FOMO Factory Does It for the Gram

The new, colorful "immersive selfie space" arrives


Missing your inner child? They may be at the FOMO Factory. (Photo by David Brendan Hall)

I've noticed, lately, that Instagram is reshaping my brain. I'll be eating something particularly pretty, or out on a walk with my friend's cute and rambunctious dogs, and think, "Wouldn't this be a great time to take a picture?" Increasingly, my life is broken down into little visually appealing squares, like glossy-topped Pop-Tarts, tabs of acid with cartoon characters printed on them, and I don't think I'm the only person for whom this is true. Instagram seems to be spilling over into real life, as restaurants and coffee shops and museums figure out that's what we really want. More than that great cup of coffee, or delicious dish, or life-changing exhibition, we want something to photograph.

Enter the FOMO Factory. Billed as Austin's first "immersive selfie space," this two-story interactive pop-up art space promises to lead visitors on "an experiential journey through childhood." This is youth reimagined for millennial adults, obsessively documented through a highly filtered, color-popping lens. "We expect people will come for the selfies," said co-founder Rachel Youens, "but what they'll discover is a fully curated experience filled with theatre, tastes, and music specially designed to tap into childhood nostalgia." Collaboratively designed by Youens and Kara Whitten (of sugar-sweet lifestyle brand Kailo Chic), the Factory consists of a series of nostalgically designed rooms, including a birthday party, a school dance, and a playground complete with a lemonade stand, all aiming to help you get in touch with your spontaneous inner child.


Photo by David Brendan Hall

"We want to take you back to that time as a kid when everyone was a potential friend, every day was exciting, and your heart ached for your first crush," said Youens. At $23 for an hourlong tour, this regression is cheaper than a session with your local Freudian therapist. Visitors leave their names at the door and are given a nickname, à la Nineties ravers or visitors to that secret society in Eyes Wide Shut, before progressing through seven rooms full of selfie opportunities with a nostalgic bent, like the music room, where you'll be given a cassette player and a mixtape to listen to as you lounge on an oversized swing. The experience culminates in a selfie museum classic: the ball pit, where you can lie back and try to look carefree as your most patient and internet-savvy friend photographs you from above.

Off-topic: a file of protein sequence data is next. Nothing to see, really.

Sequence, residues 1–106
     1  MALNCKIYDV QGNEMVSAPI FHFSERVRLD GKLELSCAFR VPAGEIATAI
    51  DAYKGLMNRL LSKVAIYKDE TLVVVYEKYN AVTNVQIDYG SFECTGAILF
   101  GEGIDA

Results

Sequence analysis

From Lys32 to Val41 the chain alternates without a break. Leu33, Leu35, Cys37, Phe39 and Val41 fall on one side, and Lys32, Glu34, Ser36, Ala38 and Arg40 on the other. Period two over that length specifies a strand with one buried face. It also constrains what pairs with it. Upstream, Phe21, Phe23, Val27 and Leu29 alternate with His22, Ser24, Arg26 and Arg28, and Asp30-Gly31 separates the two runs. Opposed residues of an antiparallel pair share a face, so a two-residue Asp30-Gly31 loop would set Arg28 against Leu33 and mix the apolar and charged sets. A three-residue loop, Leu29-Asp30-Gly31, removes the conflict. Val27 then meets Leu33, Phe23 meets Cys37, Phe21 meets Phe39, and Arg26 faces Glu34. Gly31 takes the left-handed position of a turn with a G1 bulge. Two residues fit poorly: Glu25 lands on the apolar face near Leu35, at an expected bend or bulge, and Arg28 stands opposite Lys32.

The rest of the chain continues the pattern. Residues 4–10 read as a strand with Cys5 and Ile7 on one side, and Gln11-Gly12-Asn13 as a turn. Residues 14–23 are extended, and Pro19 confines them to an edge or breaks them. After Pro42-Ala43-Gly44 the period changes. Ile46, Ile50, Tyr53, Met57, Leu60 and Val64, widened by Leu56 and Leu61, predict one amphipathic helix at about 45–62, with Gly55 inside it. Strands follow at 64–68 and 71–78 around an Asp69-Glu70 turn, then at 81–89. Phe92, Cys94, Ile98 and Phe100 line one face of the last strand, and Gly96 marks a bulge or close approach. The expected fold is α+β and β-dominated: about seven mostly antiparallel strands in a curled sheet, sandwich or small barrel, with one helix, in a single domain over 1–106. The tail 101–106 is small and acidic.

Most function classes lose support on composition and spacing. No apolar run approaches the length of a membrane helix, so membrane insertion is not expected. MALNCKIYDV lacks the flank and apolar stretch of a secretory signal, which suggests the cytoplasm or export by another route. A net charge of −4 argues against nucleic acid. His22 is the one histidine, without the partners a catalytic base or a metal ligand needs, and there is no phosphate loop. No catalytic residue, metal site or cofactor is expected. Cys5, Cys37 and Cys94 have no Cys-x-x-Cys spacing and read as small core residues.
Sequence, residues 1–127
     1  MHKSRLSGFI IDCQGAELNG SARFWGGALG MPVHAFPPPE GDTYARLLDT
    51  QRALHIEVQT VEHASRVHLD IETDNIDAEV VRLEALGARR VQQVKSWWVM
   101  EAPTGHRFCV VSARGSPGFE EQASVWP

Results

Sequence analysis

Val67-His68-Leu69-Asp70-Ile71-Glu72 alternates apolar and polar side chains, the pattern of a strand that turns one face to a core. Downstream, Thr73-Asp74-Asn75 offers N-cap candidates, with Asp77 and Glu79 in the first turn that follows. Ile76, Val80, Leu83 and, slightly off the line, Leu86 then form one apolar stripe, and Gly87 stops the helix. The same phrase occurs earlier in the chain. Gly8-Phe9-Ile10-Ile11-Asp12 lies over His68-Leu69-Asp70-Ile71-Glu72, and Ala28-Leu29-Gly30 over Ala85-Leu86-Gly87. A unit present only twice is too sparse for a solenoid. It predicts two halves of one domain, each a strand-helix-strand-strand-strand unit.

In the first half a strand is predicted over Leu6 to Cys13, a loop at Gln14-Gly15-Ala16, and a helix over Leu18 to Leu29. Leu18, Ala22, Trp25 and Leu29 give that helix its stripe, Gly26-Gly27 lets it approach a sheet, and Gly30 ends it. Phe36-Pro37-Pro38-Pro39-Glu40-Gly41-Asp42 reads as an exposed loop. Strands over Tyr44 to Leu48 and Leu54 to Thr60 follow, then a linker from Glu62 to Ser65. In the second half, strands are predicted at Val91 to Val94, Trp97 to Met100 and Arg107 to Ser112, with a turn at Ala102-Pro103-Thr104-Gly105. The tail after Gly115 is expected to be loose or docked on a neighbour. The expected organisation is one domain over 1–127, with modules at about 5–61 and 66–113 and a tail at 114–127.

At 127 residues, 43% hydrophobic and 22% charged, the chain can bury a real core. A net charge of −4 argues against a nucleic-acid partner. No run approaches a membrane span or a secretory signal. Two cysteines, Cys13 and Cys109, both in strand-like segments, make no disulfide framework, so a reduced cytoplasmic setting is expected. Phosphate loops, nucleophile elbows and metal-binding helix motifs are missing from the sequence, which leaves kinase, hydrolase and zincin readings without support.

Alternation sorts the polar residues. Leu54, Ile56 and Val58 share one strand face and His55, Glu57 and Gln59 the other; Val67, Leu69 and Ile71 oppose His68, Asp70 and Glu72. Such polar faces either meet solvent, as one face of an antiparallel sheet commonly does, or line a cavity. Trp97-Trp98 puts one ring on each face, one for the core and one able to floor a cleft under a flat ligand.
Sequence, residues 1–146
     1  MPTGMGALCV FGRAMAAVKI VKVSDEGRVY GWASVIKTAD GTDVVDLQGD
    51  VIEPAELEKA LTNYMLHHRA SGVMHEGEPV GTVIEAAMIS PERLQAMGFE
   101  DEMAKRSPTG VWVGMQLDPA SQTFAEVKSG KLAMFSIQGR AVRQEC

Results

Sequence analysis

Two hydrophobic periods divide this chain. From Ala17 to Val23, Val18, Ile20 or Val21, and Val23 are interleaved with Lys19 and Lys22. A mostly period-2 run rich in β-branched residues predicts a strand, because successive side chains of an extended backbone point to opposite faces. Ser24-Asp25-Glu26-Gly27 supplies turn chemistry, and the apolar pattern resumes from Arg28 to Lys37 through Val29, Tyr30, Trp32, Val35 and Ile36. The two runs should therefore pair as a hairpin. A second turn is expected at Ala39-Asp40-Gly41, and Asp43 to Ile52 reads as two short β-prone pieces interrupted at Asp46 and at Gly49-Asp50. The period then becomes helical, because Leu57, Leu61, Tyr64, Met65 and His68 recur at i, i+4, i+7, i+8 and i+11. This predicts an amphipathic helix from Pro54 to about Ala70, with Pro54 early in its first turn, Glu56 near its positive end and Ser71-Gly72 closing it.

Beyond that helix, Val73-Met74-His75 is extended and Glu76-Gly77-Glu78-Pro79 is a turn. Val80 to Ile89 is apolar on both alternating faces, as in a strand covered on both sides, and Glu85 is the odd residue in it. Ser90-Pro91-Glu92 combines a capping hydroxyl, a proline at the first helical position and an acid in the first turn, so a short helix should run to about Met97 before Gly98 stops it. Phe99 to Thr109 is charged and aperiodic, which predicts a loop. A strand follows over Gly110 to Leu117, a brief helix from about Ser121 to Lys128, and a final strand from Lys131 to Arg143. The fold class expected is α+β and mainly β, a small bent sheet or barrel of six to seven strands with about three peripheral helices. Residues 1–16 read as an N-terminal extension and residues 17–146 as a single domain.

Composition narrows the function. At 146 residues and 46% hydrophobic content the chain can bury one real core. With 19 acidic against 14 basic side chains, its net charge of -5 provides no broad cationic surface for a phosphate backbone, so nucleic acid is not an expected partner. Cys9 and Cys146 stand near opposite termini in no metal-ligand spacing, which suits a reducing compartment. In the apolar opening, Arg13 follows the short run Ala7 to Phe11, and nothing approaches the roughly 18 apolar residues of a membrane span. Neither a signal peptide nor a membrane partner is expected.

There's a self-consciousness at play here too, though. The Factory isn't just about experiencing the immersive magic of escaping into your pre-cell phone id: It's about selfies, y'all. After all, the name stands for the internet acronym referencing our collective fear of missing out, that uncanny frisson of regret you feel when, tucked up on your couch binge-watching Netflix and obsessively refreshing your feed, you see your friends posting images of themselves somewhere infinitely more glamorous and picturesque. FOMO is the feeling that propels you off your couch to that party you weren't sure you wanted to attend, into the indeterminable line at the latest oh-so-hip brunch spot. The propulsive mixture of neuroticism and joie de vivre that demands you get up off your butt and see and be seen, at least in digital form. A fitting name for a place that will be providing profile pics for all your friends for months to come. At least until the next can't-miss selfie opportunity crops up.


FOMO Factory, Sept. 14-Oct. 21, 720 Red River. Tickets and info at www.thefomofactory.com. See our FOMO photogallery at austinchronicle.com/photos.

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KEYWORDS FOR THIS STORY

FOMO Factory, Kara Whitten, Rachel Youens, Instagram, selfies

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